Abstract

A linear rift composed of dike swarms and graben-filling volcanic rocks marks the inception of Basin and Range rifting in northern Nevada 17 to 14 m.y. ago. This mid-Miocene rift, with its associated aeromagnetic anomaly, indicates S68°W-N68°E (±5°) extension. A small strike-slip (transform) fault at Sawtooth dike, one short element of the rift, confirms the mid-Miocene extension direction. The present extension, based on data throughout the Basin and Range province, is N65°W-S65°E (±20°), which is consistent with younger fault offsets of the rift. In the Sawtooth dike region this 45° change in direction of extension took place between 15 and 6 m.y. B.P.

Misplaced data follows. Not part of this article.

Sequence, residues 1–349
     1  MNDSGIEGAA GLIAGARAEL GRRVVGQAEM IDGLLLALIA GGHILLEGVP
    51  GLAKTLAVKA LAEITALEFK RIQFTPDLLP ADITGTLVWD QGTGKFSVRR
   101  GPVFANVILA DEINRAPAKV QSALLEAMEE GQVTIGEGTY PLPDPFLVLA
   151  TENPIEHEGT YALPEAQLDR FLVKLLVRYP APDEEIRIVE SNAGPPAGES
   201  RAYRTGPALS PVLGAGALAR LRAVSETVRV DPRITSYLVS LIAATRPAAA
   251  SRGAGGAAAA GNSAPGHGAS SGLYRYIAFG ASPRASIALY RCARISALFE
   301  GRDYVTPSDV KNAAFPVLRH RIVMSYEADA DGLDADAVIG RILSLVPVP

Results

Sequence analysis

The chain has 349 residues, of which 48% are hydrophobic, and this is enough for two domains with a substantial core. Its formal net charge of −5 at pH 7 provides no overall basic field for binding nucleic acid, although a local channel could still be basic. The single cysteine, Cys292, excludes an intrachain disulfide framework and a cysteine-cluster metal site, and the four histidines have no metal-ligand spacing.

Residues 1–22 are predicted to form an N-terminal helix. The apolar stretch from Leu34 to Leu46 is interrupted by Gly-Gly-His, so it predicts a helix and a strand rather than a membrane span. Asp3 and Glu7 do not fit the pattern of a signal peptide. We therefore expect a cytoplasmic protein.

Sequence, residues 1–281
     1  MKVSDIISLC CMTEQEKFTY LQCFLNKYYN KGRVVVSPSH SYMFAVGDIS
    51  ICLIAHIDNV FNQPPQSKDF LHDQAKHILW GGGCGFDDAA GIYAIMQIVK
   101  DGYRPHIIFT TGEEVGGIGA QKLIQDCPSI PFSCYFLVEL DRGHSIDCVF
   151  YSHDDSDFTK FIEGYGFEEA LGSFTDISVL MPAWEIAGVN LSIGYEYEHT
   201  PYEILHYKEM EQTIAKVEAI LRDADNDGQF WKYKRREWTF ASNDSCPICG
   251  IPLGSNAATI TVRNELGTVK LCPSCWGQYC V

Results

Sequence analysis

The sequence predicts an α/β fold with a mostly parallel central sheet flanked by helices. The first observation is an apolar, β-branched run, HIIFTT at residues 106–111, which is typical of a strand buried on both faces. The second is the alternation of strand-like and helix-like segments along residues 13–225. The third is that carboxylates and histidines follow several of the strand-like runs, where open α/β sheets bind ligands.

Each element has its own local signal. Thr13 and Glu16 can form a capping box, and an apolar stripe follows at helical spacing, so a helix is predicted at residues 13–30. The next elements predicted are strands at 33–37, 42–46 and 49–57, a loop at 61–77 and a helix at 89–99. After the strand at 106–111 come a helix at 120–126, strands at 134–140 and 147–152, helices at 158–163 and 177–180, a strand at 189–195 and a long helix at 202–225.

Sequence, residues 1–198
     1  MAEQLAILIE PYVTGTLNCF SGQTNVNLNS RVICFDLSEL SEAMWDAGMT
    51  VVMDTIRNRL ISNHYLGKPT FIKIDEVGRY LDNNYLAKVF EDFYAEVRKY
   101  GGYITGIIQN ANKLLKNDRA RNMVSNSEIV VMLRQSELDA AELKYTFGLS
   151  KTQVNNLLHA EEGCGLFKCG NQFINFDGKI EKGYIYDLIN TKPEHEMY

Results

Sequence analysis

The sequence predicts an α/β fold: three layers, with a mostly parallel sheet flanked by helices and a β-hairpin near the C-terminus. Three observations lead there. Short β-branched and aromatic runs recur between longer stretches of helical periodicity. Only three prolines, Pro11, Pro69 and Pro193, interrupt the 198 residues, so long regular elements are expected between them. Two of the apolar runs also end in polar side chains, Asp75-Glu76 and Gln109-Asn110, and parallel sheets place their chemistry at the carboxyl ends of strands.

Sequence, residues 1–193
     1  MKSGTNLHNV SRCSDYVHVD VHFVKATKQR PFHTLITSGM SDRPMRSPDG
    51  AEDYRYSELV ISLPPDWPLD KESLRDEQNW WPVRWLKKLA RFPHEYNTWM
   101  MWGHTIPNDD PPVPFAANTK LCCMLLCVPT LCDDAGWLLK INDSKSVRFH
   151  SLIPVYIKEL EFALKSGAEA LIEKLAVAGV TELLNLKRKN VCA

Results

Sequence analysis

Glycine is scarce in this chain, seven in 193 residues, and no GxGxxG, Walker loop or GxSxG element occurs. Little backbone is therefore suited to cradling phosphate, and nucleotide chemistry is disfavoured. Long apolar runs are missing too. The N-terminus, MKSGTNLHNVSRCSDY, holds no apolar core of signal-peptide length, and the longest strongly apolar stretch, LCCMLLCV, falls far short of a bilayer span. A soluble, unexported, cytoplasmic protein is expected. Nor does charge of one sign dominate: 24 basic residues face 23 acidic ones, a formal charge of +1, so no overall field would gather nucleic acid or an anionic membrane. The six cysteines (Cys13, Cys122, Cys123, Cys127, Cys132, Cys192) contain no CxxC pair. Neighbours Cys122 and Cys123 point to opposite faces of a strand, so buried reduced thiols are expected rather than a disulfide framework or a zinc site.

The Nevada rift is thought to be part of a linear rift zone roughly 700 km long, which includes feeder dikes of Columbia River basalts and the mid-Miocene location of the Yellowstone hot spot. Extension in this zone was probably perpendicular to a then-active trench along the western plate margin. The clockwise change in extension direction is consistent with a superposition of right-lateral shear along the plate margin when the San Andreas fault was activated.

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